The crisis, which started off as financial and economic, has become mainly political.
On 7th August 2007, when BNP Paribas decided to freeze the valorization of three funds, there began the worst crisis in the world of capitalism since the October 1929 crash.
There were three stages to its reaching global proportions: the credit collapse following the bankruptcy of Lehman Brothers in September 2008, the storm in the euro zone as from 2009, and then the effect on emerging nations from 2013 onwards. As in the 1920s, the causes were many: a real estate and financial bubble in the economy, lax monetary policy and a fundamental imbalance in global trade and payments.
Ten years on, the situation is very different from that of the 1930s when the only remedy for deflation was the Second World War. Recovery is taking place, with a 3.5% growth rate in 2017 and 3.6% in 2018, a newfound vigor in international trade that will increase by 4.6% in 2017, and a return to full employment with an unemployment rate back to 5.9% of the working population.
Economic policy has therefore managed to avoid global depression.
On the one hand, it has got its priorities right by 5,000 billion dollars of public money to save the banks, by sustaining demand with a global recovery plan involving 40% of the GDP of the main developed countries and China, and by stemming the recourse to protectionism. On the other hand, the systemic financial risk has brought about unprecedented coordination between the principal G20 nations on measures to support economic activity and regulate the banks.
Deflationary pressures and mass unemployment are fading way; in their place comes the return of inflation and a new major challenge for economic policy: the normalization of the quantitative easing of credit and the reduction of state debt.
Not only is the economic cycle being gradually restored; tremendous changes have taken place in the economic world order. The crisis has accelerated the rebalancing between North and South, borne along by the rise of China, the world power that has taken the lead in terms of purchasing power parity and which accounts for a third of global growth. Inequalities have been reduced between countries but have increased internally because of the combination of recession and the digital revolution which is polarizing individuals, businesses and nations. The debt mountain has grown sharply to over 200,000 billion dollars, the equivalent of three years’ global GDP, which is creating a new systemic risk. Bank regulation has been significantly reinforced but remains very heterogeneous, particularly in China, and is under threat in the USA from Donald Trump’s desire to repeal the Dodd-Frank Act, passed in 2010.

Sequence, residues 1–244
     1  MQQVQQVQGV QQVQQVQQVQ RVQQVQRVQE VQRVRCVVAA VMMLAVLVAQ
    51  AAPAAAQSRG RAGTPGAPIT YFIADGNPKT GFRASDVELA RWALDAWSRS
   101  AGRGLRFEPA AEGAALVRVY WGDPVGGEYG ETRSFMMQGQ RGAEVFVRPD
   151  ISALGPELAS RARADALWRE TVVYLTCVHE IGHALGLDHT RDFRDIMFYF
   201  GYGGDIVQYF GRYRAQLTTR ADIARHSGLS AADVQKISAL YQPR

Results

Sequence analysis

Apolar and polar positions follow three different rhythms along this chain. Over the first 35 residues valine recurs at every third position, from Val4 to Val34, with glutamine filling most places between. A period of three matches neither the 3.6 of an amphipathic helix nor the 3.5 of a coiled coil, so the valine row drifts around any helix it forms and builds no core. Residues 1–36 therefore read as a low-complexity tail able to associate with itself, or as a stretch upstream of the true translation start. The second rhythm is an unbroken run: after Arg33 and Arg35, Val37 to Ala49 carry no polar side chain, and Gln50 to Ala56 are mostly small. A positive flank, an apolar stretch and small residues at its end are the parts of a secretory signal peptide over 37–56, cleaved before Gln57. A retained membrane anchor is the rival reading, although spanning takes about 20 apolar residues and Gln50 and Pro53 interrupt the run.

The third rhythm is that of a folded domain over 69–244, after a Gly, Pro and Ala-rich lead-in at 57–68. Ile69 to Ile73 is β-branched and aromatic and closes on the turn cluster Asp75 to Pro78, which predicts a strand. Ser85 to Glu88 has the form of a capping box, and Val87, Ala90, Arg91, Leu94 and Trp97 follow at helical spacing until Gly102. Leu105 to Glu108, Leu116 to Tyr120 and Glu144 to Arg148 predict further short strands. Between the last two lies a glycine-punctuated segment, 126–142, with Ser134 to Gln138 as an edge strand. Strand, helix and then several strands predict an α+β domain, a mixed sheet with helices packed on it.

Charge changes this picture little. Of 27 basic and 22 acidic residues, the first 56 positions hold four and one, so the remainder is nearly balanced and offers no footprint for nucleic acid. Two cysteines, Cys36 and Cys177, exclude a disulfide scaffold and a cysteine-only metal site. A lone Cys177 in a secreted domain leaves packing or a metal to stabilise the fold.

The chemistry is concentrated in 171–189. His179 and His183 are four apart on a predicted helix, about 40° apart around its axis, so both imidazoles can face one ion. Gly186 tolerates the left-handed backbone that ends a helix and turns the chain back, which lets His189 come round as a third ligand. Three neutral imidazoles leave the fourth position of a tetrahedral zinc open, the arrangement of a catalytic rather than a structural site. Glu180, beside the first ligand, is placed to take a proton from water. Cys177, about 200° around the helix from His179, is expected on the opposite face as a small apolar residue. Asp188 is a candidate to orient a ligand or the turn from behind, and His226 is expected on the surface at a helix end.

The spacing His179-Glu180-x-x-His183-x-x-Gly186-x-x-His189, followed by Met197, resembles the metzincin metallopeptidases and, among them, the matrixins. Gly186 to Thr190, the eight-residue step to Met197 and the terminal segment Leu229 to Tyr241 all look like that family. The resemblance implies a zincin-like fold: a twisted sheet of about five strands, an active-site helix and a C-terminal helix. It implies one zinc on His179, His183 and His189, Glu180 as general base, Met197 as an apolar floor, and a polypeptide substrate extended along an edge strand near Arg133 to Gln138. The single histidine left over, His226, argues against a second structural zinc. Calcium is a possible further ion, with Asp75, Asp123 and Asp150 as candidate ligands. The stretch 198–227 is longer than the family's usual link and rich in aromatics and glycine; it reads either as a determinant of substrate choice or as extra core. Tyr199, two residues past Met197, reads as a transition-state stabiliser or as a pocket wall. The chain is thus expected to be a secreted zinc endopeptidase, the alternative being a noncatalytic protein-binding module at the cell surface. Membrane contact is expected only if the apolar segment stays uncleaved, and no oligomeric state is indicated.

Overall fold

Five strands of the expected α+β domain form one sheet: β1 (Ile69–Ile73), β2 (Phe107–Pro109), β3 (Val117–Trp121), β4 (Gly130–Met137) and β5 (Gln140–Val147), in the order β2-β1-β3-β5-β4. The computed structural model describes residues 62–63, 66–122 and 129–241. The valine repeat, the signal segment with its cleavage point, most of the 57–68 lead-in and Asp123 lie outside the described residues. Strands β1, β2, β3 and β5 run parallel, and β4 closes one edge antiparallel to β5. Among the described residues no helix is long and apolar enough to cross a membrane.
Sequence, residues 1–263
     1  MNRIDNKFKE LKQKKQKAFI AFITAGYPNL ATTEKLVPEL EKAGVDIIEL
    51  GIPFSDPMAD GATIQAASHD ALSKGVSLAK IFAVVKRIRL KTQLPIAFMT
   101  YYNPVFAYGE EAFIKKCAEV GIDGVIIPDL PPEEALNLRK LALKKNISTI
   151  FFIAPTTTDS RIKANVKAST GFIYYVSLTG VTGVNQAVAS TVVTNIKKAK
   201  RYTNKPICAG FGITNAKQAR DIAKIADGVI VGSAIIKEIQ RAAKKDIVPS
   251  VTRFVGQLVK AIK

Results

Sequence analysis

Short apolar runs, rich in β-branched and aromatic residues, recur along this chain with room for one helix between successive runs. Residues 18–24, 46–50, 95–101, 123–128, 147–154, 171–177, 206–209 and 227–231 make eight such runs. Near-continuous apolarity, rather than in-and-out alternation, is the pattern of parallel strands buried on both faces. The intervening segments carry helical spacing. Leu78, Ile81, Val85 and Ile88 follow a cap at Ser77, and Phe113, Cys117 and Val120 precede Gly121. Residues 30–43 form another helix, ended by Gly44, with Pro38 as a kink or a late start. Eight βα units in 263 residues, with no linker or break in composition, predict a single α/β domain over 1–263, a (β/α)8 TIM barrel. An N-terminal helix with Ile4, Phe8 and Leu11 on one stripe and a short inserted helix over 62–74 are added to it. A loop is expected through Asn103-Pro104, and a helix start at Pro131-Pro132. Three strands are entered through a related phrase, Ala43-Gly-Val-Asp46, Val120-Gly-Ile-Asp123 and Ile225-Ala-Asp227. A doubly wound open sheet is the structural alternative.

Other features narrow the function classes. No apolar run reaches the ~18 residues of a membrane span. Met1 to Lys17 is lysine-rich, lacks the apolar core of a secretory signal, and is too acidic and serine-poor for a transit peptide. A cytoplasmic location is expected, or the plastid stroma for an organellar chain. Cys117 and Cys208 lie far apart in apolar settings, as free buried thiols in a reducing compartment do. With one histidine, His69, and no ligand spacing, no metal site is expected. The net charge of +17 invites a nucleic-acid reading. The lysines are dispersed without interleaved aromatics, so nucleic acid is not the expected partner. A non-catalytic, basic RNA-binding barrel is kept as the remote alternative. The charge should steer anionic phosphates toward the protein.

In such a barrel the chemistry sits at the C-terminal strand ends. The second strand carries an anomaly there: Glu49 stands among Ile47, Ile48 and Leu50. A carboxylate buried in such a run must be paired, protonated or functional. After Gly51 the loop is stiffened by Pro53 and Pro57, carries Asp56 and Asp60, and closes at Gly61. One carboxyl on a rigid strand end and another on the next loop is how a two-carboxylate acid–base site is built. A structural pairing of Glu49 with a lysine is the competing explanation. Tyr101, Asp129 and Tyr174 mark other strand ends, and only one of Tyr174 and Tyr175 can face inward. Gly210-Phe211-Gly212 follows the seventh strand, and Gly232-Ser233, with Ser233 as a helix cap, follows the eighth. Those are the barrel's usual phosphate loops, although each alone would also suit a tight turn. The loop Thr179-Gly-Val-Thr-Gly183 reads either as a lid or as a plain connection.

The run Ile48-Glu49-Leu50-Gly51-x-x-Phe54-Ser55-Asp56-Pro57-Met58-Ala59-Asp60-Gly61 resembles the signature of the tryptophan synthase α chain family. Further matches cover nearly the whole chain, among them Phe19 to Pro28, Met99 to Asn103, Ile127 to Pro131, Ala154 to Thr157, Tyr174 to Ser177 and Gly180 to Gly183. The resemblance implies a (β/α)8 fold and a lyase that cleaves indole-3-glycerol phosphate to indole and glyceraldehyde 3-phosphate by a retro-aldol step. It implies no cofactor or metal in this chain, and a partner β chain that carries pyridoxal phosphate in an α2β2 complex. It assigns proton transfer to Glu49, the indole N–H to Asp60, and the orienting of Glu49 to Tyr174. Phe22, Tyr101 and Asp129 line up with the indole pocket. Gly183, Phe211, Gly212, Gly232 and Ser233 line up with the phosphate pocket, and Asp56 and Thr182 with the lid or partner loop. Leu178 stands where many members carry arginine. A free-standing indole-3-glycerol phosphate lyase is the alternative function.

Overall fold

The crisis, which started off as financial and economic, has become mainly political. In developed countries, the destabilization of the middle classes has provoked a wave of populism which broke out in the UK with the Brexit vote, then in the USA with the election of Donald Trump. It is rooted in the after-effects of deflation, in marginalization that has come with the digital era, in national identity crises, and in the fear of immigration and the growing feeling of insecurity which breed hatred of the elite and distrust of democratic institutions.
The result is that the world has been turned upside-down. The USA and the UK, which launched globalization with liberal reforms in the 1980s are reverting to frontiers and protectionism. America is undermining the principles of the world order and multilateralism – with regard to the IMF, NATO, the WTO, the TPP and the Paris climate agreement. China is setting itself up as the herald of free trade and of stability of the global system, whilst speeding up its territorial expansion in the China Sea by means of the new silk roads.
The only remaining point in common is the glorification of nationalist feelings which are increasing the risks of conflict at a time when China is gaining the advantage in the contest for leadership of the 21st century – the methodical imperialistic strategy of Xi Jinping showing a strong contrast to the irrationalism and paralysis of Donald Trump, who is under threat of impeachment. Europe is sandwiched between China’s thirst for power and the disintegration of US leadership, as shown by its isolation during the Hamburg G20. The storm is not over yet. We are a long way from having learned all the lessons of the terrible 2008 crash.
There is a definite possibility of a new tremor hitting us. It may come from the bursting of debt bubbles, from the collapse of international trading systems caused by the break-up of globalization, or from geopolitical tensions.
It could do massive damage on the economic front – for there is no longer any room for maneuver in economic policy –, on the political front with the unleashing of populism, and on the international front with the worsening of power struggles.
The antidotes are well known. On the national front, the rebalancing of economic strategies in favor of inclusive growth, investment, innovation and education to enable the digital revolution to find its feet and generate new productivity increases. On the European front, strengthening the structures of the euro zone and the setting-up of an economic and financial union tol bring about a convergence of social and fiscal systems.
On the global front, the fight against protectionism and the revival of cooperation between the major centers that shape globalization.
Capitalism has brought humankind into the age of global history. A new major crisis in capitalism must be avoided at all costs, for this could reverse the process.
(Column published in Le Figaro, 24th July 2017)